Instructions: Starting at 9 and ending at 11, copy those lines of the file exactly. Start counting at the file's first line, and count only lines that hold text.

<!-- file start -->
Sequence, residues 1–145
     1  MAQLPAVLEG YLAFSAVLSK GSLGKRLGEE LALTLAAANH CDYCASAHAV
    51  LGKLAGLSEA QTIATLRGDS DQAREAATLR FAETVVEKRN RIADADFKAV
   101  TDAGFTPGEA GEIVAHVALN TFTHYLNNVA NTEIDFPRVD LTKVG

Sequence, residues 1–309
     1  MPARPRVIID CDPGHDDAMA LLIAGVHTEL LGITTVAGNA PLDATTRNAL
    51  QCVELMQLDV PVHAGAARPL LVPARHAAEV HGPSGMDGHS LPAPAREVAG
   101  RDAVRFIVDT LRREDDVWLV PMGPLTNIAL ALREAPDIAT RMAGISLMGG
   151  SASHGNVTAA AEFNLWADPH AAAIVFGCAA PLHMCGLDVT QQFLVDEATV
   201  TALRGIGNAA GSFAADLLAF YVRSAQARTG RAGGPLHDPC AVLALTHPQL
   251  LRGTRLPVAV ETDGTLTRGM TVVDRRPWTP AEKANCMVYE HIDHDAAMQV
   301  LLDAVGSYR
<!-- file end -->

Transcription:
   151  SASHGNVTAA AEFNLWADPH AAAIVFGCAA PLHMCGLDVT QQFLVDEATV
   201  TALRGIGNAA GSFAADLLAF YVRSAQARTG RAGGPLHDPC AVLALTHPQL
   251  LRGTRLPVAV ETDGTLTRGM TVVDRRPWTP AEKANCMVYE HIDHDAAMQV